The first 20 months of our medical school curriculum constitute the pre-clinical curriculum, and students then begin their required clinical rotations. During this “third year,” medical students (N = 125) doing their required Family Medicine Clerkship participated in the study. There were six clerkship rotations during the academic year (June 2020– March 2021), with each rotation including approximately 21 students. The Wright State University Institutional Review Board (IRB) determined that the study was exempt from human subjects review as it involved research on the effectiveness of our comparison of instructional techniques (IRB #06719, June 18, 2019). Before the educational activity, the informed consent process consisted of providing medical students with a clear description of the research being conducted as part of the evaluation of the educational experience.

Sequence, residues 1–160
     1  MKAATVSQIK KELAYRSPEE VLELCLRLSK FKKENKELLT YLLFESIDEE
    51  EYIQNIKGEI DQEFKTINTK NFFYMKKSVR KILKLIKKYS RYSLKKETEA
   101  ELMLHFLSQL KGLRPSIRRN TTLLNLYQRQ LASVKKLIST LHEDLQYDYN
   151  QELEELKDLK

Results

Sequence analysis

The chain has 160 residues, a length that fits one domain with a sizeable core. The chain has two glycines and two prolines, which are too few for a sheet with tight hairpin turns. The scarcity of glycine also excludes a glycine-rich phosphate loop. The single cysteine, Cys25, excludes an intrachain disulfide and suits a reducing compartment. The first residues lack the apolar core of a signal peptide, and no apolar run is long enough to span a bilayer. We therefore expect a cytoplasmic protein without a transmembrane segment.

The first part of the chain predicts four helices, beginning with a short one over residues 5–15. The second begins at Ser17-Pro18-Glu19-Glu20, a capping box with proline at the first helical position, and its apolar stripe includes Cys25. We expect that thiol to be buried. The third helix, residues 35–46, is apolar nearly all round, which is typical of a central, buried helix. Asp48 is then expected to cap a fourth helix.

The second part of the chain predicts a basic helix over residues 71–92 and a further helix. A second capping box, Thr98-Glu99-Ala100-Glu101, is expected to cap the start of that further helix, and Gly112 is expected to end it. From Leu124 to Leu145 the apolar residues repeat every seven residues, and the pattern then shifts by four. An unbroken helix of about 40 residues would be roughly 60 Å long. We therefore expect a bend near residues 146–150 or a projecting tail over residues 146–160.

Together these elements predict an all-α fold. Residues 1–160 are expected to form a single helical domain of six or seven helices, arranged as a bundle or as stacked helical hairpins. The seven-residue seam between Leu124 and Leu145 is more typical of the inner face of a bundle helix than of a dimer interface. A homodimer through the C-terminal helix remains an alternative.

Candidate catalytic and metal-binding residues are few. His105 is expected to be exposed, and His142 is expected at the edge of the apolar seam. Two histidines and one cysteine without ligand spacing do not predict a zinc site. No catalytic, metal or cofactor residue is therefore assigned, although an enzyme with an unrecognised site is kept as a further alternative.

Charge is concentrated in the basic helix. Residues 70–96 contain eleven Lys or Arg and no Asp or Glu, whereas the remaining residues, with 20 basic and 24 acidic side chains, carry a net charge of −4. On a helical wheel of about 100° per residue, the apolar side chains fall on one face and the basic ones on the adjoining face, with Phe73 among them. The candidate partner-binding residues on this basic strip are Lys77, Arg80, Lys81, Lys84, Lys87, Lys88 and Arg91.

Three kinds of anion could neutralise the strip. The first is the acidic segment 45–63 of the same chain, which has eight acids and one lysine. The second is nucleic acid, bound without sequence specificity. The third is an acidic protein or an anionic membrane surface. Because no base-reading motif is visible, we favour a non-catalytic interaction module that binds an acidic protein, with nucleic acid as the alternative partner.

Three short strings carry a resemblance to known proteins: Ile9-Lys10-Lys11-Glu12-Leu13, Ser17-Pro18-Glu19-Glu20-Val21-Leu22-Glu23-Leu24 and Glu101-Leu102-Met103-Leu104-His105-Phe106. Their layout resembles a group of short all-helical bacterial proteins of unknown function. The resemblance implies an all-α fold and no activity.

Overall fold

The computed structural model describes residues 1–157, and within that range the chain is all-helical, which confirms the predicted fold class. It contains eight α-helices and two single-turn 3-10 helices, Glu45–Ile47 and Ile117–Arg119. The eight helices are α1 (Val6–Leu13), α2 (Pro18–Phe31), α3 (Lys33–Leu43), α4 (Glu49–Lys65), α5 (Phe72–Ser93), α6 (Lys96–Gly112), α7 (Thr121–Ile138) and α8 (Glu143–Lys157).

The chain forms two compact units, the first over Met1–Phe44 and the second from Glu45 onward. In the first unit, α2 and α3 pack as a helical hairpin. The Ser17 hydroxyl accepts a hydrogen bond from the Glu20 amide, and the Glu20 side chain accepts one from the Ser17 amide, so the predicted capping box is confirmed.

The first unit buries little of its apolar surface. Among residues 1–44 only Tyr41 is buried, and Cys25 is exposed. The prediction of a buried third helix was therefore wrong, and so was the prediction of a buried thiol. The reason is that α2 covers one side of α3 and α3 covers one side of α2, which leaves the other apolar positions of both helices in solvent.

MI training experience

MI is introduced to students at our medical school early in their first year, reviewed during the second year, and then given additional attention in the preparatory “bootcamp” prior to students beginning their clerkships. During their Family Medicine clerkship, third-year medical students are scheduled in pairs to participate in a 90-minute MI training session with an MI facilitator. Figure 1 illustrates this progression of training, as well as the steps in the ReadMI experience for the intervention and control groups, respectively. Students complete an MI knowledge test prior to this training [33]. The training itself involves four role-plays, involving common Family Medicine scenarios, in which each student plays the role of a patient in two cases and the role of the physician in the other two cases. The MI training sessions are conducted virtually, using the Jitsi video conferencing system [34], and make use of the ReadMI training tool.

Fig. 1
figure 1

Motivational interviewing training progression